Game Boys and backseat monitors are “so five years ago,” suggests Tom Seder, a manager at the General Motors R&D labs.
Working with the Future Lab, at Israel’s Bezalel Academy of Art and Design, GM researchers are exploring ways to turn a car’s rear windows into interactive devices that could permit backseat passengers – children in particular – to have a more interesting experience while traveling.
According to GM, the Windows of Opportunity, or WOO, Project was inspired by studies showing that travelers often feel disconnected from the world outside. The goal of the project isn’t to replace those Game Boys, iPads and seatback monitors as a way to play Mario Brothers, but to actually nurture curiosity about what’s beyond the passenger compartment.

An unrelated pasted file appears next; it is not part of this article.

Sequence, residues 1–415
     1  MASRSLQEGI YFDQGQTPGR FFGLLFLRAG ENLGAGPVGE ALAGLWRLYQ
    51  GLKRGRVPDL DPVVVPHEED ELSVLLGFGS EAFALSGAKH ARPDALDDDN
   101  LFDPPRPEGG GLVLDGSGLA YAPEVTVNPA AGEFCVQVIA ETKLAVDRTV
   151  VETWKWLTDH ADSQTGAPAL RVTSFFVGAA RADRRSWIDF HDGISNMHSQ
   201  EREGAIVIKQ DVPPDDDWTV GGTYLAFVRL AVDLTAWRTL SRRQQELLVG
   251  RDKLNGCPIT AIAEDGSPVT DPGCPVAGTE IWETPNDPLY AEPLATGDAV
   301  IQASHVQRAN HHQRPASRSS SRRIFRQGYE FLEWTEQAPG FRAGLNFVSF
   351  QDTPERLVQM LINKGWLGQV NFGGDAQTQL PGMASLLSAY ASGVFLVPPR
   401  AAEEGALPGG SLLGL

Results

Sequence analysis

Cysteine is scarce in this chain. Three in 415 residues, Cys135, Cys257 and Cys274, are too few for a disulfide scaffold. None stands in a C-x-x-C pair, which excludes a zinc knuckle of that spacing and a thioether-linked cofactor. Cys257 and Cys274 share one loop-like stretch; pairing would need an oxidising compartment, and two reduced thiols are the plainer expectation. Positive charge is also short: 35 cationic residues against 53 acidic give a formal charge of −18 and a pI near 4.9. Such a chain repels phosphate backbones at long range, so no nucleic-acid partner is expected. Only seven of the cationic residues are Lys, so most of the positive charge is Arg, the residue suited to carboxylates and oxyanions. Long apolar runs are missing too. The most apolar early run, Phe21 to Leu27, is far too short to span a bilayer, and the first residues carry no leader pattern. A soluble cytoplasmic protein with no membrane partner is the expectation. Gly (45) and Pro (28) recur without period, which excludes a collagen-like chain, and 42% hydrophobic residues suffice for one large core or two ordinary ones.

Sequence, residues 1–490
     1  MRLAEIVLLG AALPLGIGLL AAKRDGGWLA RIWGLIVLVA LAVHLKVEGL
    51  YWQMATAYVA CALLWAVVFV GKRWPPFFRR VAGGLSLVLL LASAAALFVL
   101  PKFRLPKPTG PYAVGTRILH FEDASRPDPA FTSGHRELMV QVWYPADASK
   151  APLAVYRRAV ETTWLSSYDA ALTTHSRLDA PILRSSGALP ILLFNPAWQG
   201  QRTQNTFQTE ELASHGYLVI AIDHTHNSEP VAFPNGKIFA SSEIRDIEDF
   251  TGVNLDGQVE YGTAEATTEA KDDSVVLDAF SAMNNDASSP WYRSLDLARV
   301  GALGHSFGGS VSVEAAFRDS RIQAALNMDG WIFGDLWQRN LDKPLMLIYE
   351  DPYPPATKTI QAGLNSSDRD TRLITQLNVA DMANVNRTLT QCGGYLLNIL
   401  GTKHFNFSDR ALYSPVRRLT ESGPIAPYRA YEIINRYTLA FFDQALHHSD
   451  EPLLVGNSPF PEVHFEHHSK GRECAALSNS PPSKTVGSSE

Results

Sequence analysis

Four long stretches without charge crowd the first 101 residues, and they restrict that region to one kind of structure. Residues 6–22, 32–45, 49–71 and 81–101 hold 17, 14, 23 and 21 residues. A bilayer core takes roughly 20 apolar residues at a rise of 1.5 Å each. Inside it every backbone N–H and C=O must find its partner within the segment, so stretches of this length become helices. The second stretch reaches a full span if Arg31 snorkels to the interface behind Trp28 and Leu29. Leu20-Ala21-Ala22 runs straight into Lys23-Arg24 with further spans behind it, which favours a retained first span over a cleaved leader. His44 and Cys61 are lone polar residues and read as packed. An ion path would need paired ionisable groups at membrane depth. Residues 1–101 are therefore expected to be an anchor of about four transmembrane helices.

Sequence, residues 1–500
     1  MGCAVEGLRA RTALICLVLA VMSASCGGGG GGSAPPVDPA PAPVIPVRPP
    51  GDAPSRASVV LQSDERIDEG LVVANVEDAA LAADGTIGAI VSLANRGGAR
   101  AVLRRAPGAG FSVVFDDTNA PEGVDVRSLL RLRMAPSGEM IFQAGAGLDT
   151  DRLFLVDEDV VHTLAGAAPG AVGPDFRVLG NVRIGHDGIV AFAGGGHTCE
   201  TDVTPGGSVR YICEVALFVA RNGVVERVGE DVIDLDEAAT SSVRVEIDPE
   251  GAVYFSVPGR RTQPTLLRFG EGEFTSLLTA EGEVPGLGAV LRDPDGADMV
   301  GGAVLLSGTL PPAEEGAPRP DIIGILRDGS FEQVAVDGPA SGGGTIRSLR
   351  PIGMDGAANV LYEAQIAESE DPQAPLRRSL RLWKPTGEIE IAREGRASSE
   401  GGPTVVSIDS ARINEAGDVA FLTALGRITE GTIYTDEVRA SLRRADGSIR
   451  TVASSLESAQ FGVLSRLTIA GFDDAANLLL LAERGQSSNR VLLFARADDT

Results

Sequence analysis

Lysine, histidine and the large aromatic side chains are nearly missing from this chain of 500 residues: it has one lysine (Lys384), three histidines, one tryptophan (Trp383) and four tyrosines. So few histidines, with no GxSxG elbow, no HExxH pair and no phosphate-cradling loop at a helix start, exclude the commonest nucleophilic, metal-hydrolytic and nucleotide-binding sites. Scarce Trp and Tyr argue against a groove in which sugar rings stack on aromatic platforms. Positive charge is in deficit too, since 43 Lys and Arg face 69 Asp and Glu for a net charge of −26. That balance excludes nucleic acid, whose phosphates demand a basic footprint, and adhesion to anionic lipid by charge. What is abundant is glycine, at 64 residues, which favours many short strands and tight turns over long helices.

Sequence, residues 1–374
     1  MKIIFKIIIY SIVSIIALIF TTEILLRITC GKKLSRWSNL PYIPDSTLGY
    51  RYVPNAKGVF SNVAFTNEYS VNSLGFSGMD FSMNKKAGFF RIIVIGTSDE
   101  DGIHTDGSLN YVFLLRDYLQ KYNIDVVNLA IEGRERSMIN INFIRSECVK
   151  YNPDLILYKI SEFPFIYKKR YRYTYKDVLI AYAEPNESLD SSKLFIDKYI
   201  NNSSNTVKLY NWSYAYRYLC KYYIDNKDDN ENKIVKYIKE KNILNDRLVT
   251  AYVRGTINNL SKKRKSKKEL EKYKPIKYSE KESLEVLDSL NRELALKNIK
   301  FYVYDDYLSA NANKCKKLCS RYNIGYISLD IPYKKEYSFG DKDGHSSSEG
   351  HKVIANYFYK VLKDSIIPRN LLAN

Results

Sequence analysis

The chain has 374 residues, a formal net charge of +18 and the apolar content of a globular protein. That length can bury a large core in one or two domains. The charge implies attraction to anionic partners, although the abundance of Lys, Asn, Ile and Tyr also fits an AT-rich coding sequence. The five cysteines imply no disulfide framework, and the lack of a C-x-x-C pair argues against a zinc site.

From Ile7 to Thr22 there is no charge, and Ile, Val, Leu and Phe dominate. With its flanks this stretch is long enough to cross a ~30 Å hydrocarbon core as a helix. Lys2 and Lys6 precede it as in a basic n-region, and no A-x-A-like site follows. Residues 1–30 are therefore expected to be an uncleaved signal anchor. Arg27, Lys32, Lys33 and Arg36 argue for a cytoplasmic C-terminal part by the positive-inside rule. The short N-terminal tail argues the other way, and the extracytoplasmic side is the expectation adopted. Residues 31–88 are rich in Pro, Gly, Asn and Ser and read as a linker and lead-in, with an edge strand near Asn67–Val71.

“Traditionally, the use of interactive displays in cars has been limited to the driver and front passenger, but we see an opportunity to provide a technology interface designed specifically for rear seat passengers,” said Seder. “Advanced windows that are capable of responding to vehicle speed and location could augment real world views with interactive enhancements to provide entertainment and educational value.”